Certain plants , whether they like it or not, become part of a wave of…
At Chatsworth, the classic English garden with a blend of both natural and symmetrical design, you see this straight hedgerow, fronted by a statue.
Edward Kemp, the 19th century English garden designer, trained at the classic garden Chatsworth under Joseph Paxton. He also assisted Paxton with the design of Birkenhead Park, which inspired American Frederick Law Olmsted. In 1858 Kemp became one of the judges for the Central Park Competition in New York.
But it was because of Kemp’s famous book How to Lay Out a Small Garden that I mention him here.
The Philadelphia nurseryman Thomas Meehan in his magazine Gardener’s Monthly of 1864 praised the newest edition of Kemp’s book. Meehan wrote: “The task of an author is either to teach what is not known, or to recommend known truths by his manner of illustrating them. The latter would seem to have been the object that Mr. Kemp had in view when he prepared the excellent work now before us, one of the best books on pure garden design in the English language.”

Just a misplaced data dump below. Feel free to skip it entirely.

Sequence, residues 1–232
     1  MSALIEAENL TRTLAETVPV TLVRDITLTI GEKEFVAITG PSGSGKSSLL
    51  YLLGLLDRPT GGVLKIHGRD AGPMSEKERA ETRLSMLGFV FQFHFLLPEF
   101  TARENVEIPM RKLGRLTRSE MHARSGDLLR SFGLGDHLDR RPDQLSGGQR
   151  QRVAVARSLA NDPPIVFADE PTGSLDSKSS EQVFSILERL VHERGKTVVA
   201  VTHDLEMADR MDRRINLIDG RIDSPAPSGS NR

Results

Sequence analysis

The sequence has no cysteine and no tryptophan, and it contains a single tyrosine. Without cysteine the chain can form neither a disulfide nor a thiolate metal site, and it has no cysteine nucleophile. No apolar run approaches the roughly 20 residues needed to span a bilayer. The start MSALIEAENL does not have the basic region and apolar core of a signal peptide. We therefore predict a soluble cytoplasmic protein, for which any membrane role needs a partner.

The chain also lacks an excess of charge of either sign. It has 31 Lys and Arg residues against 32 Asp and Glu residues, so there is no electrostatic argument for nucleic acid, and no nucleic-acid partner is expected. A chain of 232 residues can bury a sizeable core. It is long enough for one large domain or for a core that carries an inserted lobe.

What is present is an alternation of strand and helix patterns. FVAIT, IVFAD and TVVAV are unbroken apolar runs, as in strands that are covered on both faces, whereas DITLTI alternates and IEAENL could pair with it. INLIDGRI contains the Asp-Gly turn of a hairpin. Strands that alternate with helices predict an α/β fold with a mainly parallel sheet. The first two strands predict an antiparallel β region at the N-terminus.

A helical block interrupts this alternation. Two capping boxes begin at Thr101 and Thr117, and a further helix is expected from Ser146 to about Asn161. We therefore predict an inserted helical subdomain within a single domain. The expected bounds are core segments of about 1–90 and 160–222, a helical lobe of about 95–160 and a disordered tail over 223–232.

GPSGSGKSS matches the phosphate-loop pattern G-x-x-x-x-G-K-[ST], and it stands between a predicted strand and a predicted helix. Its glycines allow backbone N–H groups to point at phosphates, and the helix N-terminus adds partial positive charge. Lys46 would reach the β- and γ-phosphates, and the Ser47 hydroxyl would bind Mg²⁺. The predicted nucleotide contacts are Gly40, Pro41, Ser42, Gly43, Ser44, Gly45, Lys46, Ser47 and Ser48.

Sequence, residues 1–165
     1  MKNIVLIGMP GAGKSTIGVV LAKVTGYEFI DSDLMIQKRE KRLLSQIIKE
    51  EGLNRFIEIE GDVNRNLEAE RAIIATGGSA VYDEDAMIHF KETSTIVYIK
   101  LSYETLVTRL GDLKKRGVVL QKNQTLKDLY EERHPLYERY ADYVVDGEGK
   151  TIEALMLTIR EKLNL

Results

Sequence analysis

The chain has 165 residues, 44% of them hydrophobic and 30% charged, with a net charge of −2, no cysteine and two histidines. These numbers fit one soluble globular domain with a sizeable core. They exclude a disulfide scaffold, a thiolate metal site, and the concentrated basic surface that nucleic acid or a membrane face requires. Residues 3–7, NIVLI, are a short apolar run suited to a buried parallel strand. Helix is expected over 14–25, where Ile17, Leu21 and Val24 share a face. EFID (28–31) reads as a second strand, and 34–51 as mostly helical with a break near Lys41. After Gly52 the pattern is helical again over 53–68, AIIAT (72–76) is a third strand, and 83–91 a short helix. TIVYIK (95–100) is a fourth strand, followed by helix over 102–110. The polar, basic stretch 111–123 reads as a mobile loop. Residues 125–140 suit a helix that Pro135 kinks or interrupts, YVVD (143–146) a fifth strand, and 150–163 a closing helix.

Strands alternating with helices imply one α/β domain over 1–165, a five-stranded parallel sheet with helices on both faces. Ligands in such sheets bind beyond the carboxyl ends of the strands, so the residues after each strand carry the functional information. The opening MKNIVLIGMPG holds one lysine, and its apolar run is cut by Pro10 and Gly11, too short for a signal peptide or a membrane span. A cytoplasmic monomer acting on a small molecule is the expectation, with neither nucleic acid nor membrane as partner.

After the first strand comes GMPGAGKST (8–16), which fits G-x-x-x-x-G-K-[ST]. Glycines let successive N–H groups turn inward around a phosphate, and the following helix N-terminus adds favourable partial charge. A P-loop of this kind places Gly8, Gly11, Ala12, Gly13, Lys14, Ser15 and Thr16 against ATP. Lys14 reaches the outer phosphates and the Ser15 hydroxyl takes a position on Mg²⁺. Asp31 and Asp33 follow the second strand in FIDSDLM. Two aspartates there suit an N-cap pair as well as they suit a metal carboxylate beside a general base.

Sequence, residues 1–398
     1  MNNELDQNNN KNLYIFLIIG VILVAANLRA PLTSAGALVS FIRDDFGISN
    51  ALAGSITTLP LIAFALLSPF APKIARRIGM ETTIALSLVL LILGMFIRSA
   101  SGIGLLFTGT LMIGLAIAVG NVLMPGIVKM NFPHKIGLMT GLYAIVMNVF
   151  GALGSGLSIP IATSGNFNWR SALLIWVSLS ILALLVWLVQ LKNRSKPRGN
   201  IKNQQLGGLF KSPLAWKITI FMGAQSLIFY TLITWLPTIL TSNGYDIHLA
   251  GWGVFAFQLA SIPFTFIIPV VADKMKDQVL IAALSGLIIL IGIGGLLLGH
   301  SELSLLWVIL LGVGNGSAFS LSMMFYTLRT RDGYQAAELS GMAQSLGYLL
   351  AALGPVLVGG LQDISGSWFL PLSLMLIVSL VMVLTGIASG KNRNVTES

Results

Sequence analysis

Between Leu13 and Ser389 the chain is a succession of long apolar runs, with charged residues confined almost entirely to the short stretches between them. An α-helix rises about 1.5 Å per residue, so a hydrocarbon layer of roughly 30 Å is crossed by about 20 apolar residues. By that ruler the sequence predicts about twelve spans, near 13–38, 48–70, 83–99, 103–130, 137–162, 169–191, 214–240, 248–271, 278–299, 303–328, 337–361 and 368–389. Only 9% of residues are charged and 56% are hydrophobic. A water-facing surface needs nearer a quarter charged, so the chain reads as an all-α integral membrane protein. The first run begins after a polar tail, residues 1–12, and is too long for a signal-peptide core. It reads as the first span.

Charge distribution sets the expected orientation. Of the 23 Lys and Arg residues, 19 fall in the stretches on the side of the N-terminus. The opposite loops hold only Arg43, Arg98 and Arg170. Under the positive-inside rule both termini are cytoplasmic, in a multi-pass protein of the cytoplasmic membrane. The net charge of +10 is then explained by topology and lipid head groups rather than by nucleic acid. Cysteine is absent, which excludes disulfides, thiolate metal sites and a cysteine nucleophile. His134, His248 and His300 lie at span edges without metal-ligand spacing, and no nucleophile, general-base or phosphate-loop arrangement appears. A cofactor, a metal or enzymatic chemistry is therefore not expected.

Thus Kemp, an English garden designer, went on to inspire a host of American gardeners, much as he had in England. His design ideas followed the natural landscape tradition of William Kent and John Claudius Loudon, but also admitted of symmetry in the garden where it would prove useful.
Meehan writes: “After laying down the principles upon which the art of landscape gardening is based, Mr. Kemp proceeds to show how they are to be applied and for this purpose he gives a variety of plans and details from his own practice.”
Kemp said in the book: “To regard a garden otherwise than a work of art, would tend to a radical perversion of Nature.”
The book became popular for American gardeners for the rest of the 19th century, and seed and nursery catalogs frequently recommended it.
And so the story of how Americans grew to love the English garden continues with this chapter on Edward Kemp.
If you want to read his book, check it out on Google Books